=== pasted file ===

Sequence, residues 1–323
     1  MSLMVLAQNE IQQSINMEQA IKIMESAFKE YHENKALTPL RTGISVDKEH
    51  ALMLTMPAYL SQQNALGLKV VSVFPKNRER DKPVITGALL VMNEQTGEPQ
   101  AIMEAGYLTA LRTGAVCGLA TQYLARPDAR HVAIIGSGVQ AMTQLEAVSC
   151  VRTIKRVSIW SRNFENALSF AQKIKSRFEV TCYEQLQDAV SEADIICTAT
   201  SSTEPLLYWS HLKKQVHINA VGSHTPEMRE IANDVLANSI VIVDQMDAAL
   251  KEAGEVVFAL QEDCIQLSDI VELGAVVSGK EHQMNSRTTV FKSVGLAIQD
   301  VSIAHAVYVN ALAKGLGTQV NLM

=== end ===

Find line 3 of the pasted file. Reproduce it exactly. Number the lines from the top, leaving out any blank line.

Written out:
    51  ALMLTMPAYL SQQNALGLKV VSVFPKNRER DKPVITGALL VMNEQTGEPQ